Newspaper article The Christian Science Monitor

Choreographer's Got Broadway Rhythm

Newspaper article The Christian Science Monitor

Choreographer's Got Broadway Rhythm

Article excerpt

When Susan Stroman's choreography first appeared on Broadway eight years ago in "Crazy for You," dance had virtually disappeared from the Great White Way. By the time she accepted her third Tony Award in early June this year for "Contact," she had managed to return dance to a position equal to that of singing.

The "British invasion" of shows such as "Phantom of the Opera" and "Les Misrables," where all dialogue is sung and there is virtually no dancing, created a climate that all but eliminated dance from new musicals.

After choreographing two successful Off-Broadway shows in the early 1990s, Stroman burst onto the Broadway scene with "Crazy for You," a Gershwin pastiche with rousing tap routines, romantic duets, and stage-filling numbers where cowboys tossed around buckets and brooms.

Audiences clamored for more. Two years later, she repeated the success with "Showboat." Producers brought out other dance-oriented shows by other choreographers, including "Chicago."

In "Contact," which Stroman also directed and co-wrote with John Weidman, "the dialogue and the dance go together," she says, as we talk while seated on the floor of the downstairs lobby in the Neil Simon Theatre. Ignoring cries that "Contact" was not a traditional musical, Tony Award voters chose the unconventional piece, with three vignettes set to recorded music, as Best Musical. No one sings, so its award sets a precedent: a show with dance but no singing that qualifies in that prestigious category. Stroman's choreography is also represented on Broadway this season in the revival of Meredith Willson's classic musical "The Music Man," which she also directs.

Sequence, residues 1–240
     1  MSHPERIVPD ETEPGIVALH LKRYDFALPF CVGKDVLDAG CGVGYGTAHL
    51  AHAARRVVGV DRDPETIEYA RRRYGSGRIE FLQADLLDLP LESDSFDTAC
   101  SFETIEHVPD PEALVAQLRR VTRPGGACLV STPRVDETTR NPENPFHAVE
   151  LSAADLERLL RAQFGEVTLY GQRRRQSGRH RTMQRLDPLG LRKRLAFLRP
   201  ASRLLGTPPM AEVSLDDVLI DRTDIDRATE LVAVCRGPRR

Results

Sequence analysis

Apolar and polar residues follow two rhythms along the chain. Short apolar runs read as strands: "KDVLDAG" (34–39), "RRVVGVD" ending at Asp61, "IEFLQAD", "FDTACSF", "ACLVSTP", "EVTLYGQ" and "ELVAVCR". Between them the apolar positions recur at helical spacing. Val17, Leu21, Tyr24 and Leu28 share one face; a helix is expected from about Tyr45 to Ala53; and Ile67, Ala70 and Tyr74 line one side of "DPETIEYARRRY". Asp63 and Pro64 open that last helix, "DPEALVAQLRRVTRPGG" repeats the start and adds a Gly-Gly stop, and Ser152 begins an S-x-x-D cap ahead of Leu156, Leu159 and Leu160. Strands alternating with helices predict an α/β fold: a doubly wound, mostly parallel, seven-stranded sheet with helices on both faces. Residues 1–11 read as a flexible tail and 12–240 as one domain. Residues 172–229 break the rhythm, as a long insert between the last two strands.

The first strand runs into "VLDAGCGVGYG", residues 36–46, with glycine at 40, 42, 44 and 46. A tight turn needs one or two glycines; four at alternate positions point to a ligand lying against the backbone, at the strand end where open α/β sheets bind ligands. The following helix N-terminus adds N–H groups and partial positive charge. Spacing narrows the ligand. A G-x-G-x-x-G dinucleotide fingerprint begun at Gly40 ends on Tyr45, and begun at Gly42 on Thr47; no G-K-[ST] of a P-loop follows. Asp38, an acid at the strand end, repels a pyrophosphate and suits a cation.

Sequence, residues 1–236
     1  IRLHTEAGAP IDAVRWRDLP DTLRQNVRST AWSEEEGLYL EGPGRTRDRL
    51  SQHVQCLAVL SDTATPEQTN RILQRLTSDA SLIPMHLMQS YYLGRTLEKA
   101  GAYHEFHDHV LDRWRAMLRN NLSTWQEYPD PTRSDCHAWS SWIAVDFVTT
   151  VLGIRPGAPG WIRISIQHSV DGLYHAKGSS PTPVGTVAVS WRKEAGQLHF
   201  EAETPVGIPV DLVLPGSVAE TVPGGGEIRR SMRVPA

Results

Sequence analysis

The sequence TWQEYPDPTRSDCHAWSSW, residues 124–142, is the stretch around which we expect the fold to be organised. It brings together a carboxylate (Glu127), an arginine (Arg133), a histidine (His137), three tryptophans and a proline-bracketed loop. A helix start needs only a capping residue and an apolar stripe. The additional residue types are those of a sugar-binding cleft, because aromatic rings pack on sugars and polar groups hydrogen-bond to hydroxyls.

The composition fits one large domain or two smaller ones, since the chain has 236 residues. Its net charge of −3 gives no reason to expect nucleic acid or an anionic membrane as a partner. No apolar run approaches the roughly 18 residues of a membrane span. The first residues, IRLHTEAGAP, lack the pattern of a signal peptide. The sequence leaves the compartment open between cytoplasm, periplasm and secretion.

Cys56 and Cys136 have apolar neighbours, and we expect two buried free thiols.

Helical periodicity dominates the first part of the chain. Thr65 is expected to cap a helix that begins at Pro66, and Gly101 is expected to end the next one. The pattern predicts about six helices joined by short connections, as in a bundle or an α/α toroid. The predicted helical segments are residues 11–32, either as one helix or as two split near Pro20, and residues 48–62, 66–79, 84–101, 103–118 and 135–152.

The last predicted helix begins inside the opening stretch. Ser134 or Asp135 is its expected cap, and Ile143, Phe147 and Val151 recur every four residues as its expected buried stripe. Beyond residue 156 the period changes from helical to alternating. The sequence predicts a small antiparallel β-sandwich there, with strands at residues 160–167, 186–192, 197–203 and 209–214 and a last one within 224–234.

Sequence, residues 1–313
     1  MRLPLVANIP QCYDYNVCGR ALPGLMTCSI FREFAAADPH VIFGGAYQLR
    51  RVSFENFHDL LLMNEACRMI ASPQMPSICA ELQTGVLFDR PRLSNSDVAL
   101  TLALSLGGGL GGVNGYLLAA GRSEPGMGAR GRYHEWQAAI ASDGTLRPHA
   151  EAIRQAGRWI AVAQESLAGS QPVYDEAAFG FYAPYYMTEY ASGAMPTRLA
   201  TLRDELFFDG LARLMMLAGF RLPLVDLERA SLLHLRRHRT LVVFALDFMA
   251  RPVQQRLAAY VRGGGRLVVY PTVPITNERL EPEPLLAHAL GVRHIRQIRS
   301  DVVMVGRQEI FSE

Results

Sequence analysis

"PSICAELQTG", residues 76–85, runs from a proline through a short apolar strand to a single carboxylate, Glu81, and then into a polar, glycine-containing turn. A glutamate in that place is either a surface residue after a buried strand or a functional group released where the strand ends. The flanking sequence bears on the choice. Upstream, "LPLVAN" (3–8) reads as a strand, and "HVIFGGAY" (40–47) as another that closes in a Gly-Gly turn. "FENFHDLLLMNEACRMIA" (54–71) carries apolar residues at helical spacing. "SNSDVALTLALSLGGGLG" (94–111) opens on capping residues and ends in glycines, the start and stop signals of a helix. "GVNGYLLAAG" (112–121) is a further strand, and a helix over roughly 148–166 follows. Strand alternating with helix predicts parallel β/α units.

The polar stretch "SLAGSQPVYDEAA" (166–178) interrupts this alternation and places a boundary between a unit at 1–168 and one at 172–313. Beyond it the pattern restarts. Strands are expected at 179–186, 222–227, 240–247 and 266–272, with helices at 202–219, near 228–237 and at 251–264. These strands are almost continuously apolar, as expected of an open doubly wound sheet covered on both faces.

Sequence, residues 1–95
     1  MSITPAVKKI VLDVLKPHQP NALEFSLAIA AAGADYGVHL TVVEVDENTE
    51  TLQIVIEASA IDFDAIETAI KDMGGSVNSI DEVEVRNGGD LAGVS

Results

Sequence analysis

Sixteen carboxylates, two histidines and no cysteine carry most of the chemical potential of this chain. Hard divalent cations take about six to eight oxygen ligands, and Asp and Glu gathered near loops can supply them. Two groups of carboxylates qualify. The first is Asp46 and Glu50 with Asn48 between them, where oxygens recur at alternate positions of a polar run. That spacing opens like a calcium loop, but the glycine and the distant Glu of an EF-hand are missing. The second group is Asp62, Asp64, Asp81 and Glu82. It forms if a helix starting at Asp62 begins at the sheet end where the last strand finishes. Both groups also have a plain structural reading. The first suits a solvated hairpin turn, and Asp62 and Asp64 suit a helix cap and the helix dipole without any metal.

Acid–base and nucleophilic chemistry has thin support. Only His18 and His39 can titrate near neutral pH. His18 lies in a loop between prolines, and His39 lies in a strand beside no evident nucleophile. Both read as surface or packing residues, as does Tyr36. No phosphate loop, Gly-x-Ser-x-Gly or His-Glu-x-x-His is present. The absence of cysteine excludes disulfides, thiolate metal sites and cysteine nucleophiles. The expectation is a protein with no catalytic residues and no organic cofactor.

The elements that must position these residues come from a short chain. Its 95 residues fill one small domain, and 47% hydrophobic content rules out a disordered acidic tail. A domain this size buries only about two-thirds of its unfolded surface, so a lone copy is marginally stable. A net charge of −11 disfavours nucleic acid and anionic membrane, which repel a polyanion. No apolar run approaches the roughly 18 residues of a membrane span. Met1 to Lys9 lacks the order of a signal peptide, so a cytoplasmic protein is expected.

Stroman's method of working receives as much acclaim within the theater community as her results do with award committees. She spends time with each dancer to create a "history" for his or her character. The result is a performance in which the dancers fully become individual characters in the show.

In "The Music Man," she says, "they all have a back story, they all have a journey. For example, I found out that [the painter] Grant Wood was from Iowa, so one of the little boys who paints the white picket fences is Grant Wood."

For "Contact," she began the rehearsal process "by doing nothing but partnering up [the dancers] and making contact. It allowed me to see how people dealt with one another. In that way, I was able to finalize who was alone in the club [in the second act], and who was with who."

She cast Boyd Gaines, a two-time Tony winner for "The Heidi Chronicles" and "She Loves Me," as a despairing young ad executive contemplating suicide (the male lead) despite Gaines's lack of formal dance training.

"He's a wonderful actor, which is what I needed. I didn't need a dancer," she says. "The character takes a chance, tossing himself into a room filled with those thoroughbred dancers, and Boyd brought that vulnerability to the role. …

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